Wednesday, May 29, 2024

Climate Change: Another budget hole for National?

National's 2023 campaign was all about tax cuts for landlords. And one of the key ways they were planning to fund it was a "climate dividend" - basically, pillaging ETS revenue and redirecting it from decarbonisation straight into the pockets of the rich. But there's a problem: there might not be much ETS revenue this year.

The first ETS auction of the year didn't clear, selling only 2.974 of 3.525 million tons (and that for the minimum price of $64/ton). The second one - for the leftovers plus another 3.525 million tons - is due in three weeks. In the meantime, National has repealed key climate change policies, announced reviews, and promoted fossil fuels - all of which have destroyed confidence in the carbon market. Basically, the government's commitment to climate action is now highly questionable - and so is the future value of carbon. This has flowed into the carbon market, with the spot price reducing to about $45/ton - nearly $20 below the auction minimum price.

The implications for the next round if auctions ought to be obvious: people are unlikely to pay $20/ton more than they have to. It seems unlikely to clear, or indeed, to sell anything. And unless the direction of the government changes significantly, its hard to see that changing for the September and December auctions either. The result will be that 11.125 million tons of carbon will go unsold, and the government will get no money for it - creating a $700 million budget hole.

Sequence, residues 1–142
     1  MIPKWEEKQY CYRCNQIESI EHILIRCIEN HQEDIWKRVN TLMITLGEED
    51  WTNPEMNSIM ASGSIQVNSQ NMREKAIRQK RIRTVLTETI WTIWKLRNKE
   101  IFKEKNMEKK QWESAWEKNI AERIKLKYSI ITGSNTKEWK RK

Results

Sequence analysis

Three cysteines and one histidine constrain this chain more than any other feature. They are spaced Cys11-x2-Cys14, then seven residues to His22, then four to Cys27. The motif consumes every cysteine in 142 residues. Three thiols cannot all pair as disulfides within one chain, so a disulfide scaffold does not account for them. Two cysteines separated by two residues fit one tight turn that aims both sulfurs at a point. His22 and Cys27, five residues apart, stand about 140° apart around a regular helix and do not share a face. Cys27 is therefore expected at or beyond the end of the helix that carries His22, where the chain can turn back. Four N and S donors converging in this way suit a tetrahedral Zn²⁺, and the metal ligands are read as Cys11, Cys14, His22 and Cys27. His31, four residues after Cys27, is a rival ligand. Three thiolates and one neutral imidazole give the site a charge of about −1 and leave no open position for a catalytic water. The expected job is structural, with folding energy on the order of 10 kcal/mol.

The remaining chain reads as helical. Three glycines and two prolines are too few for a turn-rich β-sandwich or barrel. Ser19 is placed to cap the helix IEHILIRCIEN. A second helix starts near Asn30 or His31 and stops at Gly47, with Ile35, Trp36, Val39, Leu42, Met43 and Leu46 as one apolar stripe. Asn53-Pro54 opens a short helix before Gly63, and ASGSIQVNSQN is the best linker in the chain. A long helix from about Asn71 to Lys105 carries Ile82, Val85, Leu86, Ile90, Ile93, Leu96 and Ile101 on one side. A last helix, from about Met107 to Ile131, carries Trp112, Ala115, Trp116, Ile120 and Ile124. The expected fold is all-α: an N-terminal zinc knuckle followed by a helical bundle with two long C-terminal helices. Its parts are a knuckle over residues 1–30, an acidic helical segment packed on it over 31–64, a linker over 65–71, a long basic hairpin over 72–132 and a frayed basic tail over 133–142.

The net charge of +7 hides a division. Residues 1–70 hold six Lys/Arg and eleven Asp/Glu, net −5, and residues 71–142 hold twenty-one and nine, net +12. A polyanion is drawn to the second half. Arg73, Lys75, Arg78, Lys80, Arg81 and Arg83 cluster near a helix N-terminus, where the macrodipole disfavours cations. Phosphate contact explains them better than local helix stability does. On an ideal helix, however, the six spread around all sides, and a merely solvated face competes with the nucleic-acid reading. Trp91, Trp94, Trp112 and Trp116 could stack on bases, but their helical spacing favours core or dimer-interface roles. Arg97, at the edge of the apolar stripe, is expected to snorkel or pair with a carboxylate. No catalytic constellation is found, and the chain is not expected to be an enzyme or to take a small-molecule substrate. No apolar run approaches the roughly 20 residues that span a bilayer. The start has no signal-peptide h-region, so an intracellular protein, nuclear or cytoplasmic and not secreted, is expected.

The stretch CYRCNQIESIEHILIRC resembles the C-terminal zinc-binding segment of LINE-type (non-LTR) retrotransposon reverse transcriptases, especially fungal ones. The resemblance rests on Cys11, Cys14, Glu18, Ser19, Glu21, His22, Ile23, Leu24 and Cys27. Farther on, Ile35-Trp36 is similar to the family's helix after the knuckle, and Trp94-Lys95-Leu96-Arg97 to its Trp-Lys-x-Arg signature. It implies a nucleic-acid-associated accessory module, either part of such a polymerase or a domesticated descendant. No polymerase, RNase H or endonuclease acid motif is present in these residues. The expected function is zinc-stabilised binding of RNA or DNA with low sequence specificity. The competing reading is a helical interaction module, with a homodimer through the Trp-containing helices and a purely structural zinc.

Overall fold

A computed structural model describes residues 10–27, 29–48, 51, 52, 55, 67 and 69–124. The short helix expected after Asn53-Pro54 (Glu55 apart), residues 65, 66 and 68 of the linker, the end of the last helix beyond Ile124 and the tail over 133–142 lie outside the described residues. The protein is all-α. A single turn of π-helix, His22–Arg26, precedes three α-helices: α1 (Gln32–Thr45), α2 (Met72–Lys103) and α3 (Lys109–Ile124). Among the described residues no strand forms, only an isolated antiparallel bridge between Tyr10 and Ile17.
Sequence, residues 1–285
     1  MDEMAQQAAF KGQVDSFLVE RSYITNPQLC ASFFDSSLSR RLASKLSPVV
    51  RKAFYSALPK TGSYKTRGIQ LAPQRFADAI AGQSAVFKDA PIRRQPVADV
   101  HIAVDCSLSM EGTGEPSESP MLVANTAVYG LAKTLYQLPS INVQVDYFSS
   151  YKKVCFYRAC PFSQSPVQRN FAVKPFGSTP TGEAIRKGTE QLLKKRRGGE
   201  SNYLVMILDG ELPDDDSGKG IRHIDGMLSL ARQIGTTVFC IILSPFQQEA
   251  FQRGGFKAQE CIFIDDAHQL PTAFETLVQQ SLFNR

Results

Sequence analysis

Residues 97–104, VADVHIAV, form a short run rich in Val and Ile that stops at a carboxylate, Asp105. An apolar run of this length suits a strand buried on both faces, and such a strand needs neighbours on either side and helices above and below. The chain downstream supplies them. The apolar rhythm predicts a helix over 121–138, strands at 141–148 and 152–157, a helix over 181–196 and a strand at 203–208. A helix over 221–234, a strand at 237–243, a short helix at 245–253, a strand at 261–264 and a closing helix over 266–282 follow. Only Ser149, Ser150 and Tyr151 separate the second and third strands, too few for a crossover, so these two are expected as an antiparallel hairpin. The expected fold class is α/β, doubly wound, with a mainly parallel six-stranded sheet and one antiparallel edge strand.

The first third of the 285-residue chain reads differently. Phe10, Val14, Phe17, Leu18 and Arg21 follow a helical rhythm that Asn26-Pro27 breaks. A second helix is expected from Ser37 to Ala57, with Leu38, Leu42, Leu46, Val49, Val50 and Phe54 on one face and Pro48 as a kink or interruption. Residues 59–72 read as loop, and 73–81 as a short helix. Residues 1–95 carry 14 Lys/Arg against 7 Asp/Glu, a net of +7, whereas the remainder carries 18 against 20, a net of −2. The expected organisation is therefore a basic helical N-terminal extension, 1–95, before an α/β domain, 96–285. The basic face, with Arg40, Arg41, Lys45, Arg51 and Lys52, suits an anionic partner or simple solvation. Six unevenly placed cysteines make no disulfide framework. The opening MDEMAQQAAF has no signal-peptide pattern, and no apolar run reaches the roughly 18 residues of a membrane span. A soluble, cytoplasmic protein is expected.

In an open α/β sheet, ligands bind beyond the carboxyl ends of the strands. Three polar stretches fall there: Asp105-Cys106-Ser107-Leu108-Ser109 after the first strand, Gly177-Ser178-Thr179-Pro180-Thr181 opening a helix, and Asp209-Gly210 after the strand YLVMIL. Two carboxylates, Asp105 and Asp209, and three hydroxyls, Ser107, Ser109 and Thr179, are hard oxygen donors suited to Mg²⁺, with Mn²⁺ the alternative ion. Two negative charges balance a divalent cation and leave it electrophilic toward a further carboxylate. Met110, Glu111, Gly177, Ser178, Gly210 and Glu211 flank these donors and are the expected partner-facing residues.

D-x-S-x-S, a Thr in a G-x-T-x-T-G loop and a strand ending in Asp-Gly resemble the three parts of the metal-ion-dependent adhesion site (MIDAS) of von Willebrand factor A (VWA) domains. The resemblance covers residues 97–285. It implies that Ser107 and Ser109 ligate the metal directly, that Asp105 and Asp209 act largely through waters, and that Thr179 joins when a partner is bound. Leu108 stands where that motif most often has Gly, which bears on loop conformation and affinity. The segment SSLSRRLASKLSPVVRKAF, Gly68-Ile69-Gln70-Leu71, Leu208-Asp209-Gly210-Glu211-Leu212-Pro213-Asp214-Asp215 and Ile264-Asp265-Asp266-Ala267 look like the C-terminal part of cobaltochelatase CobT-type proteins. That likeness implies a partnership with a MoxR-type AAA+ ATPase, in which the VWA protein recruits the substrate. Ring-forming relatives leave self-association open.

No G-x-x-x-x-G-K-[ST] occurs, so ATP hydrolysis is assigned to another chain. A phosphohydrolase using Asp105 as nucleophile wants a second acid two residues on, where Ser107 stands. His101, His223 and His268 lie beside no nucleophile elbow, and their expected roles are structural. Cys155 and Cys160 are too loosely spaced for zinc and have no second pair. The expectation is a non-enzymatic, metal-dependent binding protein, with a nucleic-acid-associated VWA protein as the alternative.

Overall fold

But while this is bad for National's books, its good for the environment. Unsold ETS credits are cancelled at the end of the year, removing them from the system. So if the auctions fail again this year, its effectively an 11 million ton emissions cut (plus another 7 million tons from the cost containment reserve). Polluters will instead plant trees, or burn down the massive stockpile of credits effectively given to them by the policies of the last National government - both things we need them to do. So, its a direct benefit to the future - unlike the National Party.

National's current consultation on ETS price settings includes a proposal to reduce the price floor, to ensure the government always gets some revenue. But they can't fix that this year, and any proposal which diverges from the recommendations of He Pou a Rangi is likely to face a judicial review. If you're interested in this consultation, you can submit on it here.